The patient showed limited treatment results with different antidepressants. The otorhinolaryngologist ruled out any possible somatic causes of her tinnitus. Tinnitus was causing her sleep disturbances, which worsened her everyday functioning that was already quite poor even further.
After being administered with 30 rounds of TMS, her symptoms either completely resolved or at least reached a level that was adequate for her to start functioning normally on a day-to-day basis.
TMS is a technique that provides non-invasive cortical stimulation, more specifically, when used for depression treatment it stimulates the left dorsolateral prefrontal cortex, a brain region synaptically connected to the limbic system involved in mood regulation that is proven to be hypoactive in depression. The limbic system is where tinnitus-related brain networks and regions involved in the pathophysiology of depression overlap. Further research is needed to deepen the understanding of this topic.
During the ongoing COVID-19 pandemic, two regions in Croatia, Zagreb and Petrinja in the Sisak-Moslavina County experienced strong earthquakes, on the March 22nd 2020 and on the 29th of December 2020. Both earthquakes, but especially the later one resulted on severe damage of the regions and caused severe disruptions in (mental) health service delivery. In these circumstances, the RECOVER-E project (LaRge-scalE implementation of COmmunity based mental health care for people with seVere and Enduring mental ill health in EuRopE), which was ongoing in Croatia from 2018-2022 aimed to implement flexible assertive community treatment as the new health care service for persons with severe mental illness (SMI). Since the pandemic and earthquakes have significantly influenced the life circumstances of all RECOVER-E project participants with SMI, we wanted further to examine the impact of health care delivery on mental health and the response to stress caused by a pandemic and earthquake in the patients with SMI involved in the project, in the first and second wave of the COVID-19 pandemics. Additionally, using case series, we will demonstrate the community mental health teams’ contributions in managing SMI after a double disaster in providing feasible, comprehensive, and accessible mental health services.1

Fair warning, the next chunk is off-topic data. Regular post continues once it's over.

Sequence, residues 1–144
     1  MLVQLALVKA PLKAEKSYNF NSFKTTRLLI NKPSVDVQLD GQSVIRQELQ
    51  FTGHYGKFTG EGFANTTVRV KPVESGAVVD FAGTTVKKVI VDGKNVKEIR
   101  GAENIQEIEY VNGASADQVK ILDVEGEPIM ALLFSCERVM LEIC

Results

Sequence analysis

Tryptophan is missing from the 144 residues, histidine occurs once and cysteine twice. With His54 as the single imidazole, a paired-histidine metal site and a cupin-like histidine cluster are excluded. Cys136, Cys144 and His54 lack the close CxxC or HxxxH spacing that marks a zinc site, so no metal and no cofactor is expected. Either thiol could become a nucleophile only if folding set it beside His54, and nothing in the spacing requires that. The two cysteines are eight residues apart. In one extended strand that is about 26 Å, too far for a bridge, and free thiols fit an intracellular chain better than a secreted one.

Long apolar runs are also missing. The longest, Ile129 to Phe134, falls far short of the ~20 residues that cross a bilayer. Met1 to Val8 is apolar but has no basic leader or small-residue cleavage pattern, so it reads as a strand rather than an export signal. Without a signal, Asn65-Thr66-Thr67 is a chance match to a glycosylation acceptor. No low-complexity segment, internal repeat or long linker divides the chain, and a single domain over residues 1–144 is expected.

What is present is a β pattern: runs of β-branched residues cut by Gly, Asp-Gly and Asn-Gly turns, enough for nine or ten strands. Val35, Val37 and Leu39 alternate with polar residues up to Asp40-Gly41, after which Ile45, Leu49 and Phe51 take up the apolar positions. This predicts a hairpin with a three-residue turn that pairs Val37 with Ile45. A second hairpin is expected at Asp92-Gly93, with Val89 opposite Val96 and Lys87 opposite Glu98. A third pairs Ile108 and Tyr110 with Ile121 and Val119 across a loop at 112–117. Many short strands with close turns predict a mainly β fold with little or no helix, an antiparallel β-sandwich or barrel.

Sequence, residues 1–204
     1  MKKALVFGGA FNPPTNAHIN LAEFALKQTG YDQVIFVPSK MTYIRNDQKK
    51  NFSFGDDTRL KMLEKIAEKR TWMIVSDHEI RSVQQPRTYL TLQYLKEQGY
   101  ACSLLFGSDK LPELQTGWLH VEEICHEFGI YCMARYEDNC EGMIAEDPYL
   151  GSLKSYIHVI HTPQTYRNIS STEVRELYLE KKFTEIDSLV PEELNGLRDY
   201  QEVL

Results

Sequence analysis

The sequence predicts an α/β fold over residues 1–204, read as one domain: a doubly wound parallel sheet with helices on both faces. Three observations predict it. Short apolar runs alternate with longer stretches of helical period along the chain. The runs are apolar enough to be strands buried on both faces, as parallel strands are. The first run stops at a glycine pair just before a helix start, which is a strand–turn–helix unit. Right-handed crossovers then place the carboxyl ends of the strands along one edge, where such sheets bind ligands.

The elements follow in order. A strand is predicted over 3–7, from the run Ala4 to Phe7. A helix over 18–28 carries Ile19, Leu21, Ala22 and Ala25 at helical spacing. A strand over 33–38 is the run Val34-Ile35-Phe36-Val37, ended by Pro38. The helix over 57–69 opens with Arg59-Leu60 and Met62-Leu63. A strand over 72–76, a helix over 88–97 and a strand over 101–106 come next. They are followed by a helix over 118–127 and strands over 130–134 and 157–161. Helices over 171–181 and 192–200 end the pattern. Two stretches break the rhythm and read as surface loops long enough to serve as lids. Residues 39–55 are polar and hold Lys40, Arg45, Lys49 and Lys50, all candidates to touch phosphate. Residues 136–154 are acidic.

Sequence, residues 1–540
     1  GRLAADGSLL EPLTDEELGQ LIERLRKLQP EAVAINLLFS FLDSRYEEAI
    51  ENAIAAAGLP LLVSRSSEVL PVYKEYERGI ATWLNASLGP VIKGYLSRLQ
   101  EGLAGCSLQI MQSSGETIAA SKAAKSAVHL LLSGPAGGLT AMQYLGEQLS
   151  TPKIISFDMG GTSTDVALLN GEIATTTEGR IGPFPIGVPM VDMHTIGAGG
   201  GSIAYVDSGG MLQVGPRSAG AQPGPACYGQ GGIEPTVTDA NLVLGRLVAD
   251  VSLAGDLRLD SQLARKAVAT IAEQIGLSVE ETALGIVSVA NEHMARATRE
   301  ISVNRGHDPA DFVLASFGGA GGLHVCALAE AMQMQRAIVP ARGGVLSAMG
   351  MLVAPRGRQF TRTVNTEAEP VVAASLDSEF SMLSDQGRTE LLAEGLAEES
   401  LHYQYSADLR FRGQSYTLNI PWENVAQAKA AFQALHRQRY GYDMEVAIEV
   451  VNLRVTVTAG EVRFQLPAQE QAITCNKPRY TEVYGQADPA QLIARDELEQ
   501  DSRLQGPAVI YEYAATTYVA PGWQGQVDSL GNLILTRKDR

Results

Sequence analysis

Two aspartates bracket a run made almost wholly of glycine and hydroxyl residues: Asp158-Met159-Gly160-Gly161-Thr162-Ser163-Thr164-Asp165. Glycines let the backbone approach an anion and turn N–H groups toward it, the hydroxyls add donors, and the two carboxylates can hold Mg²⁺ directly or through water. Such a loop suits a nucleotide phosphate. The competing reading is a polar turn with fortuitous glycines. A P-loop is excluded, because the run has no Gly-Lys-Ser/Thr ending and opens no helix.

There is no clinical difference between depressive episodes in bipolar disorder compared to major depressive disorder, which is why bipolar disorder remains unrecognized. Correctly distinguishing these disorders is of great importance because the therapeutic approach differs significantly. According to previous research, zinc, albumin, C reactive protein (CRP), and interleukin-6(IL-6) seem to play a role in differentiating these two types of depressive episodes.
To determine zinc, albumin, CRP and IL-6 serum concentrations in patients with major depressive disorder and depressive episode of bipolar disorder.
Research involved 60 participants. Participants signed informed consent prior to inclusion in the study. Sociodemographic data have been collected using a previously structured questionnaire. The severity of depressive symptoms has been measured by the Montgomery Asberg Depression Rating Scale (MADRS) and the Hamilton Depression Scale (HAM-D-17). Blood samples were obtained from each study participant’s brachial vein, to determine zinc, albumin, C reactive protein and interleukin-6 serum concentrations.
Statistically significant difference was found in zinc serum levels between the two analysed groups. In the overall sample, there is a significant positive correlation between the results on the rating scales and the serum level of CRP.